It's 2020. A really messed up year. There's a lot of uncertainty, fear, anguish. Yet I think most of us have much to be thankful for. Those who've remained free of infection and who still have homes. Things are bad, but they will get better.

I am grateful for many things. One of them is Bentley Little. I've been a fan all along, discovering his work in The Horror Show magazine. In 1990 I read Little's first published novel, The Revelation, and I loved it. And pretty much every year since then a new book has come forth, and I have enjoyed them all.

Of course I have my favorites. Some work better than others, but I am very happy to report that The Bank is one of Bentley Little's best books in a long time.

If you're a fan, you could probably recite the barebones plot by the title alone. Let's see, a sinister bank opens up under mysterious circumstances. Strange, bizarre occurrences begin to happen. The bank exerts control over the lives of people in its orbit. A bunch of really wild situations are depicted.

Bentley Little has published books that feature hated cultural institutions posing oppressive threats to individuality. A big box discount store. An insurance company. A homewner's association. A business consultant. Now we have The Bank.

Sometimes Little gets a bit too surreal for me. He stays closer to the ground in The Bank. In fact, the setup is like a classic piece of small town horror. The reader meets a well-drawn cast of citizens who are affected by the demonic influence of the First Peoples' Bank. The new bank has a strange, terrible hold on the town and various individuals must stop it.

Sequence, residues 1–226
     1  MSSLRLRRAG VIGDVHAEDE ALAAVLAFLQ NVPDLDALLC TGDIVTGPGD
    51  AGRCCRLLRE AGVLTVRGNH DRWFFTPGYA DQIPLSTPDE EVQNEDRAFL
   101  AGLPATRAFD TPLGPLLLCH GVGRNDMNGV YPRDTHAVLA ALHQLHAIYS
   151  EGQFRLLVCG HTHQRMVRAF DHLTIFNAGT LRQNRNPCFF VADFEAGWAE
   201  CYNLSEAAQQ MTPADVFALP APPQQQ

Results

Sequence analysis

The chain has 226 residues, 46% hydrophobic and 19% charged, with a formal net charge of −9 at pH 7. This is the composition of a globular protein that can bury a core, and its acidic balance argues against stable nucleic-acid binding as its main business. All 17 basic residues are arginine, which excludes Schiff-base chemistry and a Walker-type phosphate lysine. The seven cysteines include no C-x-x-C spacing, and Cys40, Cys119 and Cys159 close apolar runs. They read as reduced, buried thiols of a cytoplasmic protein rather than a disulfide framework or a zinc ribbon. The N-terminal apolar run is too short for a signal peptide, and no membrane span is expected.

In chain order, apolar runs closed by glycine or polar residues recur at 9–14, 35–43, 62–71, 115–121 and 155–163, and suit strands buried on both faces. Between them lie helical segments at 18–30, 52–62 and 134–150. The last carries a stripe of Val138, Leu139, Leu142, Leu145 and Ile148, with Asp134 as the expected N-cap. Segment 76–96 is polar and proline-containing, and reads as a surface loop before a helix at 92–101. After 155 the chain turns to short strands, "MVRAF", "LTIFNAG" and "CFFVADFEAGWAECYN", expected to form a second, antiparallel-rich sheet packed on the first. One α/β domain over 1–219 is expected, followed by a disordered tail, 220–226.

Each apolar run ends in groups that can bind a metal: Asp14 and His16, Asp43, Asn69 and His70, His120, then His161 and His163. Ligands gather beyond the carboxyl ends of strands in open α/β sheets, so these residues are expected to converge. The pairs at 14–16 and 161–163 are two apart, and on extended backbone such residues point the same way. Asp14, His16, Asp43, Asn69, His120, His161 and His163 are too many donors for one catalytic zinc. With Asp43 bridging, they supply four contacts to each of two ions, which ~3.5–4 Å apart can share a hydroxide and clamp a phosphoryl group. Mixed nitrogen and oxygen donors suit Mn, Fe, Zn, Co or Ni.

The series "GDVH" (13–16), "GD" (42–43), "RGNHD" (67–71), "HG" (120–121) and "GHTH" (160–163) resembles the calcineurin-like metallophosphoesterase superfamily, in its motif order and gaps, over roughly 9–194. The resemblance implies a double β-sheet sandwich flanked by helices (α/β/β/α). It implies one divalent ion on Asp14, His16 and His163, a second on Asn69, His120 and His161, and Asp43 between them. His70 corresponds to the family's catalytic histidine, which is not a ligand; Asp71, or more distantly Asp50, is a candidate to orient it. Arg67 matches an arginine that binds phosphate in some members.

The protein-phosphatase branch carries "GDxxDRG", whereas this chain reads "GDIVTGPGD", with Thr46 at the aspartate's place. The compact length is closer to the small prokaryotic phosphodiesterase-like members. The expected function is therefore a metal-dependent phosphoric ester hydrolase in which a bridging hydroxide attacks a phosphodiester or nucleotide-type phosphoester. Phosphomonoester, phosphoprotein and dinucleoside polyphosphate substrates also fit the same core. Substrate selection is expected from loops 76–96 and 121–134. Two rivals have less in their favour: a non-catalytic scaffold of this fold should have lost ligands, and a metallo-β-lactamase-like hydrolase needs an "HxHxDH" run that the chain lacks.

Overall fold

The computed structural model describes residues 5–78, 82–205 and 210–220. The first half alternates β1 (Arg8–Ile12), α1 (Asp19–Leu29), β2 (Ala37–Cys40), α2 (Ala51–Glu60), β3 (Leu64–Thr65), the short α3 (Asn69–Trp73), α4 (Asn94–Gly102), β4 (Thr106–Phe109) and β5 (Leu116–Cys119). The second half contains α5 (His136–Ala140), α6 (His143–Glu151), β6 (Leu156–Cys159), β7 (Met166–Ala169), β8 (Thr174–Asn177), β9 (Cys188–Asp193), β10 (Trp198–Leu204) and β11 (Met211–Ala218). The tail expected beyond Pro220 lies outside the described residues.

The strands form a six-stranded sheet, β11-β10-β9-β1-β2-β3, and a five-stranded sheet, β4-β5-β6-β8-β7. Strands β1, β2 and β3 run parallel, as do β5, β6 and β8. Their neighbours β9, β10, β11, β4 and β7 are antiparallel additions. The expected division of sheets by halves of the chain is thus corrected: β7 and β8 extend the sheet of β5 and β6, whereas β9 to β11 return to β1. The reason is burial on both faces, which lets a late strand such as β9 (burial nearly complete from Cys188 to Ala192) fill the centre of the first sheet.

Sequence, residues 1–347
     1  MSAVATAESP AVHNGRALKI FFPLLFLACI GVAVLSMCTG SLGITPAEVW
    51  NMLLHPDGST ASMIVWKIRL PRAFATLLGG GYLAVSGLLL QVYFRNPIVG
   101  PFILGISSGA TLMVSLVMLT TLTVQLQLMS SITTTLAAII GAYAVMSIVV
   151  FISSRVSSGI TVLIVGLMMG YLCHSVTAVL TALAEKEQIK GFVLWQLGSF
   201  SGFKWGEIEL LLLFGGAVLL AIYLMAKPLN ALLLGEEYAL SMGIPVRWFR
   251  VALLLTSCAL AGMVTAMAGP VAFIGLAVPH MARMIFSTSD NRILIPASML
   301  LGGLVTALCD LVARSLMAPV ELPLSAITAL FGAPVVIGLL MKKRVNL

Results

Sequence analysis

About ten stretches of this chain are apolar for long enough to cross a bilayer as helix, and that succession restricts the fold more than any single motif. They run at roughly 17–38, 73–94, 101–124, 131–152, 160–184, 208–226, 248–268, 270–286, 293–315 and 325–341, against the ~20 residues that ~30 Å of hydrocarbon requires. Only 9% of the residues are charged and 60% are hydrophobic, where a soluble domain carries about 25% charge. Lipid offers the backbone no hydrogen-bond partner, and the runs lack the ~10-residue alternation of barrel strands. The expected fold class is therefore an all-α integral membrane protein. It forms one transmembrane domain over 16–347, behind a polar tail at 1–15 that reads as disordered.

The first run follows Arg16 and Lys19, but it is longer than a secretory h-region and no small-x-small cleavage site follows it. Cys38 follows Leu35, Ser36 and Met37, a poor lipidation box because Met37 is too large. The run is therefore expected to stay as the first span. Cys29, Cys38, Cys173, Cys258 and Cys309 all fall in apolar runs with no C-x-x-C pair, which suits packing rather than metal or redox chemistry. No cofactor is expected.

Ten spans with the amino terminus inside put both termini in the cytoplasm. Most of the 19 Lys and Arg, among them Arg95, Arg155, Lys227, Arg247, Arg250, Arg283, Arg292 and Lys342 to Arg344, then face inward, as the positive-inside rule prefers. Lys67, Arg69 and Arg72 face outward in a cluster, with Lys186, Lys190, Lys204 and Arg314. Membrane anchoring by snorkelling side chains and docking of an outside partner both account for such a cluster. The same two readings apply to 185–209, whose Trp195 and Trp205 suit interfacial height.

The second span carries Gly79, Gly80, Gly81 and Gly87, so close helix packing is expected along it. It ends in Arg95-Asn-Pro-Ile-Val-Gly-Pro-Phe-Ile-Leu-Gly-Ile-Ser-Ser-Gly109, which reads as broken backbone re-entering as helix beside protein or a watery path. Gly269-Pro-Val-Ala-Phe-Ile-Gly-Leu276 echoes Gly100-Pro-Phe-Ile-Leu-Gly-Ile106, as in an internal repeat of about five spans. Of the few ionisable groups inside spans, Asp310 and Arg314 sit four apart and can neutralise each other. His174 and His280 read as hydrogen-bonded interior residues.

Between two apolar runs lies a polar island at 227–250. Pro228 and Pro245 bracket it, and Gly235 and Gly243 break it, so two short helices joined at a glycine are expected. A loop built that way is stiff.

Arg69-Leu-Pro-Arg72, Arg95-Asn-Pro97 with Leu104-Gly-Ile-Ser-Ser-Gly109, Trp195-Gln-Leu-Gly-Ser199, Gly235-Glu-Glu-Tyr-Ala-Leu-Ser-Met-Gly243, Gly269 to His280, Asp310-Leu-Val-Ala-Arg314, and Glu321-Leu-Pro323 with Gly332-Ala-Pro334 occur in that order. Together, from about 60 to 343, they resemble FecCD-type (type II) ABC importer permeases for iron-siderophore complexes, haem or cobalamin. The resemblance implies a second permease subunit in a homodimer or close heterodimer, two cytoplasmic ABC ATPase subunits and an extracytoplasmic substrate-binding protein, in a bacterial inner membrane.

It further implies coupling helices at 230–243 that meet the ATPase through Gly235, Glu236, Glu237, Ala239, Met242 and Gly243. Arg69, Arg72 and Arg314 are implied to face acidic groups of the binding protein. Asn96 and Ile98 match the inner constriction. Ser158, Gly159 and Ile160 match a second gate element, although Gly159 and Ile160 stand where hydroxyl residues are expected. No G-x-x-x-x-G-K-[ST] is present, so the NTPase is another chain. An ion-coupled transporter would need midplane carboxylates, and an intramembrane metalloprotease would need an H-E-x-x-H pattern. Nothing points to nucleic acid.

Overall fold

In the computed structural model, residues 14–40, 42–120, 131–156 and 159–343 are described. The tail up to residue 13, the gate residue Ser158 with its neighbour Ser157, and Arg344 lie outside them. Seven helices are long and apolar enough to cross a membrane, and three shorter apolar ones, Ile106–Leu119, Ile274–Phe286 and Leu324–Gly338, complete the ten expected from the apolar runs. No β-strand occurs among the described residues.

I'm also deeply thankful to Cemetery Dance Publications, who have given Bentley Little a fine home for his work. He was once a paperback original author, but now his books are released in handsome, well-made hardcovers. As well as ebook and softbound editions.

If you like Bentley Little's particular brand of horror fiction, you are sure to enjoy The Bank. If his writing has disappointed you in the past, I urge you to give him another chance with it.

Written by Mark Sieber

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